Bodily Complaints with No Identified Organic Cause Among Women: Psychosocial Resources as a Buffer

  • Uri Aviram
  • Zeev Ben-Sira
  • Ilana Shoham
  • Ilse Stern

Abstract

General practitioners have long been familiar with the phenomenon of patients presenting bodily complaints with no identifiable organic cause1. In many instances the problem has been attributed to emotional difficulties. There are estimates that emotional problems are present among more than a third of the patients seen by general practitioners2,3. Moreover, the prevalence rate of emotional problems has been higher among women than men4,5. Presentation of emotional problems through bodily complaints is related to the psychosocial and cultural background of the person6,7. Women of lower socioeconomic status are more likely to express psycho-logic distress through physical symptoms8. Somatization of emotional problems has been found to be related to ethnic origin9,10, level of education7 and cultural background11,12, and has been claimed to be also common in Israel13. The prevalence of physiological complaints with no organic basis is greater among women of low socioeconomic status, most of Mideastern origin11 referred to psychiatric clinics they are commonly diagnosed as hysterical reaction, immature personality, hypochondriasis or psychosomatic9.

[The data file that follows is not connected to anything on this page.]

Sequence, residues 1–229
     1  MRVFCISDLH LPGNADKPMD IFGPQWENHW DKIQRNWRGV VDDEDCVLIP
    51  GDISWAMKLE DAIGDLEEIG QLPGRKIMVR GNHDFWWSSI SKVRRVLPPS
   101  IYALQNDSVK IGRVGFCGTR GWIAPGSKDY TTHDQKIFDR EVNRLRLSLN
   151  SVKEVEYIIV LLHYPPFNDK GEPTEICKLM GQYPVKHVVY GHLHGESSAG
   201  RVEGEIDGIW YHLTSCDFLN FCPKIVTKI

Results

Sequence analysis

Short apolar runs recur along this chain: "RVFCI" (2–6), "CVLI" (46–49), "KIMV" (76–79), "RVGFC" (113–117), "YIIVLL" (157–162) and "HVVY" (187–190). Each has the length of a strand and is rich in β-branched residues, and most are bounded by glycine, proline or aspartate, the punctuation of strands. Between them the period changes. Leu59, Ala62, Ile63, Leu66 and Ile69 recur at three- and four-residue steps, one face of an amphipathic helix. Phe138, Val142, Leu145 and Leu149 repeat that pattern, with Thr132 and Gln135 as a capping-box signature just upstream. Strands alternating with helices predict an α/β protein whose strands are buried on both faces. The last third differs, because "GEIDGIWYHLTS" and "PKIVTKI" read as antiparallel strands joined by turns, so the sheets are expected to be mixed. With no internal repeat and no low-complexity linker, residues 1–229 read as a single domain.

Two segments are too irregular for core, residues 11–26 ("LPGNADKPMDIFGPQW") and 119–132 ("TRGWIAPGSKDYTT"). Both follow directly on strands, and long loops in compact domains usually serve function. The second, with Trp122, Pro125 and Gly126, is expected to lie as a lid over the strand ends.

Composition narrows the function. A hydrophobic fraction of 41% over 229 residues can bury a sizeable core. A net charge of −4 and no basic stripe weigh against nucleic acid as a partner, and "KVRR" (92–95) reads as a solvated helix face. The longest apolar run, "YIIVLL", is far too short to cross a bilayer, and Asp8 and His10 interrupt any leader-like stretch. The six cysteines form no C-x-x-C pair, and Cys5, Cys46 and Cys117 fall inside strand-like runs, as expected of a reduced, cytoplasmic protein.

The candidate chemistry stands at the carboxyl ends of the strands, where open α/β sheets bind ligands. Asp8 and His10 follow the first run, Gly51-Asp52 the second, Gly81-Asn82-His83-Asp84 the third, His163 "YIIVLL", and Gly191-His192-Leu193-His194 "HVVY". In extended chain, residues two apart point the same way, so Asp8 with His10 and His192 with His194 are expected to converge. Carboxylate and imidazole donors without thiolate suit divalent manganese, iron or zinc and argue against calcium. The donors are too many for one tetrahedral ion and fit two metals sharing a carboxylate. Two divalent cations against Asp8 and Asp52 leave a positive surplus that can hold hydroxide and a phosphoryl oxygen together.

Keywords

Income Schizophrenia Bors Librium Hypochondriasis 

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Copyright information

© Springer Science+Business Media New York 1984

Authors and Affiliations

  • Uri Aviram
    • 1
  • Zeev Ben-Sira
    • 2
  • Ilana Shoham
    • 3
  • Ilse Stern
    • 1
  1. 1.School of Social WorkTel-Aviv UniversityTel-AvivIsrael
  2. 2.School of Social WorkHebrew University of Jerusalem and The Israel Institute of Applied Social ResearchJerusalemIsrael
  3. 3.The Institute of Applied Social ResearchJerusalemIsrael

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